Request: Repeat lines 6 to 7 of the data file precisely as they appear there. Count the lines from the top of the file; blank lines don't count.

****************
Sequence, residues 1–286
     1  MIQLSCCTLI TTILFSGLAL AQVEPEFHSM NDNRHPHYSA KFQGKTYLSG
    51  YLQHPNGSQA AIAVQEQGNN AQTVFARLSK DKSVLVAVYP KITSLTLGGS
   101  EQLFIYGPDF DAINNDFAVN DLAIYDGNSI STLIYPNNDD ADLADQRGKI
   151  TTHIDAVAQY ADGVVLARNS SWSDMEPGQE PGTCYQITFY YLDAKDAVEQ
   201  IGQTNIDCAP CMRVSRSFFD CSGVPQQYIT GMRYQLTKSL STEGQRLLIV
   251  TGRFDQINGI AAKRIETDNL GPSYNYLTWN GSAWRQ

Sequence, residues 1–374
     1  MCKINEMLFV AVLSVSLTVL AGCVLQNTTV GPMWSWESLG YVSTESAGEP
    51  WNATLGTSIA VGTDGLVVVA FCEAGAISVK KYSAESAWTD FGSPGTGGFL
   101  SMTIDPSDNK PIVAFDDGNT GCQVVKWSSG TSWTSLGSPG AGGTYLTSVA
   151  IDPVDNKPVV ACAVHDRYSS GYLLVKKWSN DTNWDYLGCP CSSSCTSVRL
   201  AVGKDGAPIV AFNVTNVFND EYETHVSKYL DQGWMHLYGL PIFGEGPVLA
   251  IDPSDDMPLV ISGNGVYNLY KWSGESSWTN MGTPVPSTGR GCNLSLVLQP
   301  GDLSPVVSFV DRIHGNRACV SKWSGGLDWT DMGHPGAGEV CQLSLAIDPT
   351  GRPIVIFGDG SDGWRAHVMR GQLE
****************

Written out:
   201  IGQTNIDCAP CMRVSRSFFD CSGVPQQYIT GMRYQLTKSL STEGQRLLIV
   251  TGRFDQINGI AAKRIETDNL GPSYNYLTWN GSAWRQ